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6 Things a Recruiter Looks for in a Resume

Though you spend hours fine-tuning your resume, research shows that recruiters will typically spend only 6 seconds reading it.

As executive recruiters, we see thousands of resumes—and more often than not, the resumes in our hands are incomplete or difficult to follow. These are discarded after only a few seconds.

How do you keep your resume from being forgotten by recruiters or employers? Here are the 6 things we look for.

1. COMPLETE CONTACT INFORMATION

We constantly receive resumes that have incorrect or incomplete email addresses and phone numbers. It may seem like a small oversight after you’ve drafted a full recap of relevant work history, but a future employer won’t spend time trying to track you down. Make it easy for someone to get in touch with you.

Create a personal email address using a free email provider, as opposed to using a work email address. And, if you opt not to share your full mailing address, you should at least list your city and state of residence.

2. WORK HISTORY IN REVERSE CHRONOLOGICAL ORDER

Trends have emerged in resume setup and styling, such as displaying skills and expertise by subject matter, that buck traditional formatting. That’s okay depending on the industry, but recruiters and employers still want to clearly see your job history.

A good rule of thumb is to present your career progression dating back 10 years or as far as the “years of experience required” calls for in the job description. If you have significant or related experience dating back more than 10 years, include it in a brief synopsis.

3. NECESSARY INFORMATION ON EDUCATION AND CREDENTIALS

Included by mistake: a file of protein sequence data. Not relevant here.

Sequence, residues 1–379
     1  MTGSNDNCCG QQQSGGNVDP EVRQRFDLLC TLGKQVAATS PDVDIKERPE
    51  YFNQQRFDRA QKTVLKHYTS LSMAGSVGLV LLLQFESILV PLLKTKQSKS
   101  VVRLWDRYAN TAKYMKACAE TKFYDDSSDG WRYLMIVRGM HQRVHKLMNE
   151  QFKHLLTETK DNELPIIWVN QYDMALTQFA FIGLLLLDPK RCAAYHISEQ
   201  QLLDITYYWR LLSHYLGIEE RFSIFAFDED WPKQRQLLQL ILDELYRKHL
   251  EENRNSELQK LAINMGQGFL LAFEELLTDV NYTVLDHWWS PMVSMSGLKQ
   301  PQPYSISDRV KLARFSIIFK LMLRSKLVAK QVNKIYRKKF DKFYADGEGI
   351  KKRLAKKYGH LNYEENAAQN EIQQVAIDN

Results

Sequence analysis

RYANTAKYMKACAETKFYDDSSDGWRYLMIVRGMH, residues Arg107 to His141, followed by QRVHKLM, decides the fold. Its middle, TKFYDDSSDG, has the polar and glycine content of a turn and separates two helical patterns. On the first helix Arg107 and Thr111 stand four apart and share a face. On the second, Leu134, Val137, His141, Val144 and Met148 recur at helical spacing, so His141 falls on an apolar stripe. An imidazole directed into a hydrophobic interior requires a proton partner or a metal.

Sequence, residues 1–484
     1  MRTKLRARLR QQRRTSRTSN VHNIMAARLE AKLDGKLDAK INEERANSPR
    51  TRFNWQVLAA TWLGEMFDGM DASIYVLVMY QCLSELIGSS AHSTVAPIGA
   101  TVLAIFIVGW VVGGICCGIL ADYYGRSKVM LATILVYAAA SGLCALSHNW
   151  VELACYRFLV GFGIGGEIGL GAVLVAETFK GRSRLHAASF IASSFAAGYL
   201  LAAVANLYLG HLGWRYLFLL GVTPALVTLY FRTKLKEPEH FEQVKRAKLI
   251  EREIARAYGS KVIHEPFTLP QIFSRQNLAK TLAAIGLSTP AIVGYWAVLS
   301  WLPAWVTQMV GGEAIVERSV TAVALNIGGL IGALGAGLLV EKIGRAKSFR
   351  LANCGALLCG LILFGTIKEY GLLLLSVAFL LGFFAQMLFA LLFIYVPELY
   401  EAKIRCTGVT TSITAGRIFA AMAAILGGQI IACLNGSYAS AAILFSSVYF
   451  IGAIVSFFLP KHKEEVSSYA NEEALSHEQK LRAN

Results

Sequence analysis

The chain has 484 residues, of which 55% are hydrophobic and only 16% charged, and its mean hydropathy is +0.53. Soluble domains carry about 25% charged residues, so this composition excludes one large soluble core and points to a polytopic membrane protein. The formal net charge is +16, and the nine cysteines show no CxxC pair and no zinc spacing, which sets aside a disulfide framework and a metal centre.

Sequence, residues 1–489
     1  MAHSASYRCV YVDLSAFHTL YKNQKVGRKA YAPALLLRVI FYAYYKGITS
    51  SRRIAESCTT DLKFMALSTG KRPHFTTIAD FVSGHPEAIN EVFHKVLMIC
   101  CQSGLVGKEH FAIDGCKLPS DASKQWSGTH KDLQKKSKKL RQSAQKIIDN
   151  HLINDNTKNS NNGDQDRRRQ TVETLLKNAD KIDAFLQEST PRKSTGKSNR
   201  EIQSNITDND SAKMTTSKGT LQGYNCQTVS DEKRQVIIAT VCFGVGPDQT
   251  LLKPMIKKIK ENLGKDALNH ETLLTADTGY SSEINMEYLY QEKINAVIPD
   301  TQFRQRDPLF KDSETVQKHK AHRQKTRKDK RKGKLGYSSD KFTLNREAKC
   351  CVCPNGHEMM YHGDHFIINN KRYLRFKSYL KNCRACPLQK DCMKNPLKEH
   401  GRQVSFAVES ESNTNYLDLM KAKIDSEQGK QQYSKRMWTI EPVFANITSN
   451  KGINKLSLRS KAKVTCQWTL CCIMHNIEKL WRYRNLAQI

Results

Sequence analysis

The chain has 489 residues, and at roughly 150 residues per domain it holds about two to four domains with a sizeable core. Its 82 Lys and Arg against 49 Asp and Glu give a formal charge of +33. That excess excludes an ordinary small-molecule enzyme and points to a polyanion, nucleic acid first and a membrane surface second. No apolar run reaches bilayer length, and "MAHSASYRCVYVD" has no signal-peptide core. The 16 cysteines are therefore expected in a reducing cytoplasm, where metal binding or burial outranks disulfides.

Include your school’s name, city, state, and the degree or certification you attained. The years you graduated are optional, as is additional information such as college activities or G.P.A.

Remember, include only the information that’s pertinent to the job. This might mean you customize your resume for each position to which you apply.

4. APPROPRIATE LENGTH AND STYLE

Experienced applicants should limit their resume to two pages, while candidates newer to the workforce can likely fit the necessary information on one page. In our experience, a resume laid out in a bullet point format is the easiest to scan quickly. The longer it takes to decipher a resume, the greater the chance that it will get discarded.

Create a more detailed document to contain additional information and context in case a recruiter or interviewer asks for it.

5. STRATEGIC CONTENT

Think carefully about the information you include in your resume, especially in any sections that cover your skills or related experience. Focus on the achievements and strengths you’re most proud of rather than day-to-day tasks.

Use action verbs like “managed,” “improved,” “created,” and “launched” to add emphasis to your experience.

All content should be proofread carefully and have perfect grammar and spelling.

6. ATTENTION TO THE JOB DESCRIPTION

If the job you’re applying for has specific requirements and your experience simply doesn’t meet them, your resume will reflect that and show that you didn’t pay attention to the job description.

On a related note, if you have specific areas of expertise that would fit perfectly with the job you’re applying for, highlight them using bolded font or by calling them out separately.

Image by Lukas on Pexels

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